The deviance approach 15
Variables associated with criminality 16
Socio-economic status 16
Age 17
Gender 17
MEASURING CRIME 18
Official crime statistics 18
Victimisation surveys 19
Offender surveys 20
VICTIMISATION 22

13

vii

CONTENTS

Burglary 22
Vehicle theft 23
Violent crime 23
The effects of victimisation 23
Belief in a just world 24
Locus of control 25
Fear of crime 25
Chapter summary 26
3 Biologically oriented explanations of
criminal behaviour
CONSTITUTIONAL THEORIES OF CRIMINALITY 30
Lombrosos theory of criminal types 30
Evaluation of Lombrosos theory 30
Sheldons theory of somatotypes 31
Evaluation of Sheldons theory 31
RECENT GENETIC RESEARCH INTO CRIMINALITY 32
Family studies 33
Twin studies 33
Adoption studies 34
Evaluation of genetic research 36
BIOLOGICAL RESEARCH INTO CRIMINALITY 37
Structural brain abnormalities 37
EYSENCKS PERSONALITY THEORY 38
Evaluation of Eysencks theory 39
Chapter summary 40

29

4 Psychologically oriented explanations of


criminal behaviour
43
PSYCHOANALYTICAL THEORIES OF CRIME 43
Psychoanalytical conceptions of crime 44
Evaluation of psychoanalytical research into crime 45
Bowlby: maternal deprivation and delinquency 45
Evaluation of Bowlbys theory 46
LEARNING THEORIES OF CRIME 46
Differential association theory 47
Evaluation of differential association theory 47
Social learning theory 48
Evaluation of social learning theory 49
viii

CONTENTS

The media-aggression hypothesis 50


Laboratory research 51
Correlation studies 51
Evaluation of the media aggression hypothesis 52
COGNITIVE THEORIES OF CRIME 53
Yochelson and Samenows criminal personality 53
Evaluation of Yochelson and Samenows theory 53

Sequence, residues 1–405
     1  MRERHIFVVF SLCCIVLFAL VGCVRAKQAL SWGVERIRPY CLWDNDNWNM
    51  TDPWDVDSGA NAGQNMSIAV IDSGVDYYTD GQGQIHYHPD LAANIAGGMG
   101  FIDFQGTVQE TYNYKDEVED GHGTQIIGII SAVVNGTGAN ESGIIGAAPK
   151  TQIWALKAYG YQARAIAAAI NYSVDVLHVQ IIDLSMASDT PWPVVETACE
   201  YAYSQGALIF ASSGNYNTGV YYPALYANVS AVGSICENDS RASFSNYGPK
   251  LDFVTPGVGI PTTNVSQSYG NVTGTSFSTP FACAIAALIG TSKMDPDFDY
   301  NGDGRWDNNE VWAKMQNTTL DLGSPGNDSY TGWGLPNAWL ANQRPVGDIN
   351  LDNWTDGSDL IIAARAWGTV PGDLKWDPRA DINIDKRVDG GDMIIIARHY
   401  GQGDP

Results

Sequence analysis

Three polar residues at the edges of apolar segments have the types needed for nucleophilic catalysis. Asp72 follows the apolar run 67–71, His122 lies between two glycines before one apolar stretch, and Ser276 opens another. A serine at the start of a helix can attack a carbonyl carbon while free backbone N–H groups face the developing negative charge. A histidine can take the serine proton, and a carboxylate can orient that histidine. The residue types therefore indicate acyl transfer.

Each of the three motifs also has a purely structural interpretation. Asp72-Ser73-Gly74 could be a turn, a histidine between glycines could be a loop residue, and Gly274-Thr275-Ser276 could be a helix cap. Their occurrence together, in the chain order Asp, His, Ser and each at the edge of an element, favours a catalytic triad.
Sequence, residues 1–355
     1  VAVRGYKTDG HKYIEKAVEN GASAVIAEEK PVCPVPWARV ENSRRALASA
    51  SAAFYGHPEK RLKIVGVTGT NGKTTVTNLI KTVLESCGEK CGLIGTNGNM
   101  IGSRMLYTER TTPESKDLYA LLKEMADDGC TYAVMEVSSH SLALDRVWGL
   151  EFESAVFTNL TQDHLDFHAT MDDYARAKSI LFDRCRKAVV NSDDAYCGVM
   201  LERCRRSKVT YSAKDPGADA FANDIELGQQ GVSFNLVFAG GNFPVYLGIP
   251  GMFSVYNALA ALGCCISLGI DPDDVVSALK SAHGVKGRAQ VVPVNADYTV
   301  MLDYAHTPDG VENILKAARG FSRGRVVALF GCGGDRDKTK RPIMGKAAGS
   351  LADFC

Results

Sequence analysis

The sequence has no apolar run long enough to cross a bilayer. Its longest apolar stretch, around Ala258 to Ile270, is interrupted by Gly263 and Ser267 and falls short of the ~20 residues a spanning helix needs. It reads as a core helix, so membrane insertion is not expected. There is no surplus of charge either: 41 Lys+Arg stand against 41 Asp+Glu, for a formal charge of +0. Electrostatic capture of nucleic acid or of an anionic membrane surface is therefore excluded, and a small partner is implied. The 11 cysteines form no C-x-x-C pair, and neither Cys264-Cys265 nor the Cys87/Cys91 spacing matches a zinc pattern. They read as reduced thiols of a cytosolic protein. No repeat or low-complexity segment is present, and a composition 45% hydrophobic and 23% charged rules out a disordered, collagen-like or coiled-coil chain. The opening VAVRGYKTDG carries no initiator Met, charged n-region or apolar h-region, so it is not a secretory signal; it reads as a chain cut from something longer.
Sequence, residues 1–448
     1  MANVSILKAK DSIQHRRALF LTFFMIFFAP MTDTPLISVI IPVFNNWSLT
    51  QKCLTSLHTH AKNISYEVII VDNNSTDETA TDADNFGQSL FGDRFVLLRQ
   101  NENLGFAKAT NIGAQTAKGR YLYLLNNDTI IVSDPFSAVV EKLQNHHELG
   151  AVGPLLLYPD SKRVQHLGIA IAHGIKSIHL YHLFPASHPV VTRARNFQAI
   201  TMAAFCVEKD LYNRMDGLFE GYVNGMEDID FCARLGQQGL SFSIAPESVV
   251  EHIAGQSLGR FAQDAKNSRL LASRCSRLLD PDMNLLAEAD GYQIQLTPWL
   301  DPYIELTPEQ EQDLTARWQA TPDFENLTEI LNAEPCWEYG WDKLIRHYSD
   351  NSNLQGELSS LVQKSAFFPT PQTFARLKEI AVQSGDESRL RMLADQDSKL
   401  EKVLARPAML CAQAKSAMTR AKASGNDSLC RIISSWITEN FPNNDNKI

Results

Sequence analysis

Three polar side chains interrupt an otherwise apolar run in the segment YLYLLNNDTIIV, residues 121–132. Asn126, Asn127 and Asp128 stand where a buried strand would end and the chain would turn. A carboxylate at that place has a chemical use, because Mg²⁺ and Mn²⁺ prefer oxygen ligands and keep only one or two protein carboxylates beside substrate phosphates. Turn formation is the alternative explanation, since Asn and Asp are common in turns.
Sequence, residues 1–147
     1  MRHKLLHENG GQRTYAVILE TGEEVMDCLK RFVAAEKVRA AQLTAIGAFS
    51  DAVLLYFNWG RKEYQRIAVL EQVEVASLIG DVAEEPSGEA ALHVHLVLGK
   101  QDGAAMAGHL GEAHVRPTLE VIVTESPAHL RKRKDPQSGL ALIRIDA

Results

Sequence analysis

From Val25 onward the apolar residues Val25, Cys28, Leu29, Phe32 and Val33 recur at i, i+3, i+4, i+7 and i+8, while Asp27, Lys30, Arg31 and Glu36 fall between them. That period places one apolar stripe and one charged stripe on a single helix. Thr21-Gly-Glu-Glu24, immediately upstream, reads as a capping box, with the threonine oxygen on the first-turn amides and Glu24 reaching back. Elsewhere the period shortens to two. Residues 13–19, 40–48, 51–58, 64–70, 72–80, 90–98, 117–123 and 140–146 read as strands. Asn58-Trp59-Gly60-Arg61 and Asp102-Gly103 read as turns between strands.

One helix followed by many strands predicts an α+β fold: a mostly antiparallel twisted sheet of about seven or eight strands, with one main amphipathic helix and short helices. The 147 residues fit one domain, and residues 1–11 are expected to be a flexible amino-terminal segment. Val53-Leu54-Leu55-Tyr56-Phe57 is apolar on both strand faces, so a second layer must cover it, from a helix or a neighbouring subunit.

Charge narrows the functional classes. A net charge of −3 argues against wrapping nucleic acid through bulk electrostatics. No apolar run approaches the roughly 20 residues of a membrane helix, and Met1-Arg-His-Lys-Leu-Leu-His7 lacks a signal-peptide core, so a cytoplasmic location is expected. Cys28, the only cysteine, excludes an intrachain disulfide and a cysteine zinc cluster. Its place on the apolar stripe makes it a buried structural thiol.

Moral development and crime 54
Evaluation of Kohlbergs theory 55
Rational choice theory 57
Evaluation of rational choice theory 58
SOCIAL THEORIES OF CRIME 59
Labelling theory 59
Evaluation of labelling theory 59
Self-fulfilling prophecy 60
Chapter summary 61
5 The police and crime
POLICING 63
The police personality 64
Determining and processing suspects 65
Factors influencing arrest 65
Disposal following arrest 66
INTERVIEWING 67
Interview techniques 68
Interrogation 70
False confessions 74
NEGOTIATION 76
Chapter summary 79

63

6 Offender profiling
81
PRINCIPLES OF OFFENDER PROFILING 82
The FBI approach: crime scene analysis 84
Evaluation of crime scene analysis 86
Offender profiling in the UK: investigative psychology 88
Evaluation of investigative psychology 91
Biases and pitfalls in offender profiling 92
Chapter summary 94
ix

CONTENTS

7 The psychology of testimony


COGNITIVE PROCESSES AND TESTIMONY 96
Active and selective perception 97
Reconstructive memory 98
Forgetting 99
Trace-dependent forgetting 99
Cue-dependent forgetting 99
Motivated forgetting 100
Social cognition 100
ATTRIBUTION THEORY AND BIAS IN EYEWITNESS
TESTIMONY 100
Fundamental attribution bias 101
The actor-observer effect 102
Self-serving attribution bias 103
Attribution bias and witness testimony 104
IDENTIFICATION OF SUSPECTS AND EVENTS 104
Acquisition 104
Time factors 104
Violence distraction 105
Weapon focus 106
Retention 107
Retrieval 108
Psychological research and the legal system 109
AIDS TO WITNESS RECALL AND RECOGNITION 111
Identity parades 111
Identikit and photofit 113
The cognitive interview 116
Forensic hypnosis 117
Evaluation of forensic hypnosis 119
Chapter summary 119